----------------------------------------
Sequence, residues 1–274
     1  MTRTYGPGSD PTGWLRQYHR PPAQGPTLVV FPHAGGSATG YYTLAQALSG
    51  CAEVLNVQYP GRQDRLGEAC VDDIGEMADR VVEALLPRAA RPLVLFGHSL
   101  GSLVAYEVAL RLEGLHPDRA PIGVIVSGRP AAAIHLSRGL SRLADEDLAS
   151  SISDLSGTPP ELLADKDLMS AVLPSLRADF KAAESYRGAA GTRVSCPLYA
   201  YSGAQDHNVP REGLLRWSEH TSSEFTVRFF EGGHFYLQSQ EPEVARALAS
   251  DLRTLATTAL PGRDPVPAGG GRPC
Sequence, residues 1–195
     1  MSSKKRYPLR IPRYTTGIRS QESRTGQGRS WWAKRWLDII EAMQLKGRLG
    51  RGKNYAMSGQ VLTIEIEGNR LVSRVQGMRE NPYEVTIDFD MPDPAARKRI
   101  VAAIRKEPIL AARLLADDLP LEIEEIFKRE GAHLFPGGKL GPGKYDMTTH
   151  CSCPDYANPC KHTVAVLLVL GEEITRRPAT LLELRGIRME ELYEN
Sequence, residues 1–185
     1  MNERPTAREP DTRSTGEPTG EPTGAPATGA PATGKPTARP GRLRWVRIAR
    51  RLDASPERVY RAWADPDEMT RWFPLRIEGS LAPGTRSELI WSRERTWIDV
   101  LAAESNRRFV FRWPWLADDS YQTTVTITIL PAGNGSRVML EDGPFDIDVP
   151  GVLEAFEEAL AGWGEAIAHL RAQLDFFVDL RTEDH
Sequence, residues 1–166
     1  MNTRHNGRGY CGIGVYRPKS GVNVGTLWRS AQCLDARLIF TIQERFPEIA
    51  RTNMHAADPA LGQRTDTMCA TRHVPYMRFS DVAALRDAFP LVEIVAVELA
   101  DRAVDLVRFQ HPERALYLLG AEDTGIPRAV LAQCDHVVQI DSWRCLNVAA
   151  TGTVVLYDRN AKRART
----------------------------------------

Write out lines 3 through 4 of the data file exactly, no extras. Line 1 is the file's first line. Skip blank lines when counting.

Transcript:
    51  CAEVLNVQYP GRQDRLGEAC VDDIGEMADR VVEALLPRAA RPLVLFGHSL
   101  GSLVAYEVAL RLEGLHPDRA PIGVIVSGRP AAAIHLSRGL SRLADEDLAS